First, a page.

Do you remember Apple's decision to slow down iPhones with older batteries? The move was designed to prevent unexpected business interruptions, a problem that affected a significant number of iPhones in the fall of 2016. When Apple corrected the issue in early 2017, it was not known exactly what that solution entailed.
It was not until late November that iPhone users discovered that iOS iPhones would slow down with old batteries and significantly reduce their performance. Apple has been apologizing to customers since December and launching new programs to help affected users.
However, that does not prevent the iPhone owners from sueing the company. No fewer than 59 separate lawsuits have been filed since December, The Wall Street Journal reports.
A legal session in Atlanta is scheduled for March 29, as the lawsuits seek class action status. All 59 cases can be combined into a single case. Lawyers can select a senior attorney for the case and a court, The Journal explains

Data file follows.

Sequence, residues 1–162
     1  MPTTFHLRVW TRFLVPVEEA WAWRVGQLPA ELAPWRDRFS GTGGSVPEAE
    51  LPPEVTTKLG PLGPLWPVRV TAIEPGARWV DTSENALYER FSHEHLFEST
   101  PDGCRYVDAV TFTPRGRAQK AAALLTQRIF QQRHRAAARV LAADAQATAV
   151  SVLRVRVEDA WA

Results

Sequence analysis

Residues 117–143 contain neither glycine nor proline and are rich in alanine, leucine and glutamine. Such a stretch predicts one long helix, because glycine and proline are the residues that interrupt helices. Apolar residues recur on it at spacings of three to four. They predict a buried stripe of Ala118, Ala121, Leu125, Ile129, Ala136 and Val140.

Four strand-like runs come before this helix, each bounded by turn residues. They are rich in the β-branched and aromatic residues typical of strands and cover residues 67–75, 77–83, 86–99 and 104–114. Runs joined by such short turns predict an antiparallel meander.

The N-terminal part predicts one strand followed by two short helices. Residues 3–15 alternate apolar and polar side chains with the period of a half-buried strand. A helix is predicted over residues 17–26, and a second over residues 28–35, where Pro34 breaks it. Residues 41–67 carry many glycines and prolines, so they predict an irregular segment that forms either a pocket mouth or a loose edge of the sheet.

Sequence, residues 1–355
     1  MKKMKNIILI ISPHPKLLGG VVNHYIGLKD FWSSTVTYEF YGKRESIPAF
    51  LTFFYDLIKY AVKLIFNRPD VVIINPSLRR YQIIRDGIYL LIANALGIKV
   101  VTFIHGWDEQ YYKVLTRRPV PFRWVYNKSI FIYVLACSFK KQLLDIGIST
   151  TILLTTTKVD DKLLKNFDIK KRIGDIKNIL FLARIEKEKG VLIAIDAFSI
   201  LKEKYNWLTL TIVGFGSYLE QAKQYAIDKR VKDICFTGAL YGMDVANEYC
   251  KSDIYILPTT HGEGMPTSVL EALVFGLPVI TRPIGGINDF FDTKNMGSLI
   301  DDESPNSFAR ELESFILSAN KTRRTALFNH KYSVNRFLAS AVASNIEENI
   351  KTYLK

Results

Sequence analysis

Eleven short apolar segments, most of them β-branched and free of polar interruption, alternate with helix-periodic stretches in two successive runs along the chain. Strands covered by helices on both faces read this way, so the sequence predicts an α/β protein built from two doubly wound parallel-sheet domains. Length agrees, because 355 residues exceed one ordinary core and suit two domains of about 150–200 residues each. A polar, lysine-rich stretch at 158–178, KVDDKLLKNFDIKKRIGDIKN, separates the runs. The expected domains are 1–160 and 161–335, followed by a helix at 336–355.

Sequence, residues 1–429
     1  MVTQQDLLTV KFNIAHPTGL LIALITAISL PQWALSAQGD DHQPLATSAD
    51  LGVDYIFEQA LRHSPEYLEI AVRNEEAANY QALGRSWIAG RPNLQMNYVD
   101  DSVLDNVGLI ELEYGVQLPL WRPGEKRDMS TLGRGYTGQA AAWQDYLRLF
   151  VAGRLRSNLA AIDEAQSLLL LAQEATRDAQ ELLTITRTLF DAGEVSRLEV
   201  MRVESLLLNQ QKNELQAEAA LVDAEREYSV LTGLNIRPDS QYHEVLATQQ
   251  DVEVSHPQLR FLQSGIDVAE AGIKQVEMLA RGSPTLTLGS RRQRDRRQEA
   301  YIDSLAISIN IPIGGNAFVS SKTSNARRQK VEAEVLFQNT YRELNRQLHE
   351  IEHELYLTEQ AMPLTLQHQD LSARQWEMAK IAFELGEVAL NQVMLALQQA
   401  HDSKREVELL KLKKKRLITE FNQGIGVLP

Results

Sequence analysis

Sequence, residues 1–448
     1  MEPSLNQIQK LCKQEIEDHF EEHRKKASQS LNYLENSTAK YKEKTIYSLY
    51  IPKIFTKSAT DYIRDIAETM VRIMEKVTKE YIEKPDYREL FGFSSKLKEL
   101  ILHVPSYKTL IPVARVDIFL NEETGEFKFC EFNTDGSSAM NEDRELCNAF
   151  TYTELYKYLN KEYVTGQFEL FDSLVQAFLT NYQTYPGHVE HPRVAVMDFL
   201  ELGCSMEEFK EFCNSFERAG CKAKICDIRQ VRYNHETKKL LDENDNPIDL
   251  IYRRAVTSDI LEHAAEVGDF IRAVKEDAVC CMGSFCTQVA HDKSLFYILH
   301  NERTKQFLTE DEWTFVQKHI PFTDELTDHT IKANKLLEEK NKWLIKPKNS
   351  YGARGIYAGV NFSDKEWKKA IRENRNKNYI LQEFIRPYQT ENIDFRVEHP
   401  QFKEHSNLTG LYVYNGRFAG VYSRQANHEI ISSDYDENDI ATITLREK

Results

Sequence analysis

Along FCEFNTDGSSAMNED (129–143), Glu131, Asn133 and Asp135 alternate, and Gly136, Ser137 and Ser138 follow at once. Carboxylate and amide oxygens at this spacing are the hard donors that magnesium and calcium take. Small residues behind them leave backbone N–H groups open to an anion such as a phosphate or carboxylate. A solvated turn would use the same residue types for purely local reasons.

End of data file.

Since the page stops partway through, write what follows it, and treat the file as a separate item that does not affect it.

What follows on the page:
Experts say the number of cases against Apple is unusual. This is almost three times the number of lawsuits filed in 201
Legal experts are of the opinion that the plaintiffs in this particular case have had a hard time since getting the problem underway. Apple cut the cost of battery replacement by a year and introduced new battery settings in iOS that would allow users to slow down their speed.
Still, Apple could not afford to defend against plaintiffs for years. The company could be forced to disclose sensitive information about its products should the lawsuit go to court, and the iPhone would get more bad publicity.
Apple has argued for months that it has not slowed iPhones to force users to upgrade to a newer model. Some of the lawsuits claim that Apple's throttling feature does just that.
Alone this year, the iPhone Slowdown fiasco is expected to cost $ 10.29 billion in revenue, as more iPhone users will make battery changes instead of new iPhones.